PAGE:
Rosemary Clooney's House

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Rosemary Clooney lived in George Gershwin's house, next to Ira Gershwin's house, on North Roxbury Drive in Beverly Hills. I spent a good deal of time in that house, playing George's piano, eating pasta with Rosie, drinking whiskey with Rosie, and talking with her until late at night.

Of all the singers I've known she was one of the smartest, one of the most introspective, and easily one of the finest laughers of the lot. She enjoyed the pleasure of it, especially at her own expense; anything that broke through the irrevocable melancholy that had built up on her heart like plaque through years of loving an unavailable man, a married father of six children. Rosie grew very heavy - Christie heavy - but still she worked in clubs around the country, and made albums of the best songs she knew. Two of the albums are arranged by the father of the six children, who spoke lovingly with me a few times about Rosie.

They had fallen to silence, Rosie and Nelson Riddle, and, in fact, late in the night of his death, she phoned me, a voice a whisper of despair, to ask if I knew anything. I told her that he had been ill. I conveyed Linda Ronstadt's sorry tale of searching for Nelson after a break in a recording session. "We were making our third album together," she told me, "and nobody could find Nelson. I had a hunch, and went out to the parking lot to his car. There he was in the back seat, asleep." Rosie didn't respond, even with her whisper.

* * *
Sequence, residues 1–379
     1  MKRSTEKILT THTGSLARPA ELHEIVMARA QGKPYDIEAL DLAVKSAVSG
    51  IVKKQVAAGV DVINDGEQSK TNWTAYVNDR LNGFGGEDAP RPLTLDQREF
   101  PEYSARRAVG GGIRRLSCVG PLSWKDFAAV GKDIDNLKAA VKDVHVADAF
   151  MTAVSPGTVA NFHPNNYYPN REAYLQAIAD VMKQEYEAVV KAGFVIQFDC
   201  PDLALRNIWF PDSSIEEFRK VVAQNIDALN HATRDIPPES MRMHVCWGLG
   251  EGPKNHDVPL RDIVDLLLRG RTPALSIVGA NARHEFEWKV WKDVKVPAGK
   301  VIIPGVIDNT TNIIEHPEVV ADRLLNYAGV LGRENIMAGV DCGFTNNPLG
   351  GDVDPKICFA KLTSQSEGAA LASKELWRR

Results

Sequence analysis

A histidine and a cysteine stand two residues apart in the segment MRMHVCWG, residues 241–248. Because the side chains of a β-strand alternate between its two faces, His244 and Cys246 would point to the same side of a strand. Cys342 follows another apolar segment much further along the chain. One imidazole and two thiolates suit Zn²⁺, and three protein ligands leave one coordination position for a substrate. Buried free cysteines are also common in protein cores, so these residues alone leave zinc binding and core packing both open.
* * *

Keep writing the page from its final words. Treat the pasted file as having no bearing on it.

Things I remember: Rosie's two big dogs running through the backyard with me to the swimming pool. One of them sat at the edge. The other, white, furry, and ready to go, followed me as I dove. I realized as I came up for air that he wanted a race to the far end of the pool. Off I went, as competitive as I'd ever been, even in high school. We held tied for most of the swim, until he pulled away and won by perhaps a yard. Oh the proud barking! His companion dog, brown and smooth, raced to where the champion was, and joined in the barking.

It was 7:30 in the morning.

Rosie's home was menchy and cozy. There were very few photos of Rosie with famous people (unlike Dinah Shore's home only a few blocks southeast.) JFK, yes. Sinatra, yes, but that was about it. And those two in a corner of  a small room, out of the way, somehow.
In a two room kitchen there were two large refrigerators, loaded with ready to eat everything. One late night with the house quiet, I smashed a chocolate cupcake into my mouth while I stood at the larger refrigerator's open door, a brisk cold draft a pleasing refreshment that summer evening.

And Dante. A slim gray-haired former dancer who lived in the house and looked after Rosie. He traveled with her, and stood in the  shadows as she sang. Dante was always there, waiting. Dante waited. Near the very end of her life, Rosemary Clooney married Dante. I remember reading about it in a short paragraph in the Hollywood Reporter.

Dante's wife passed away quite soon afterwards.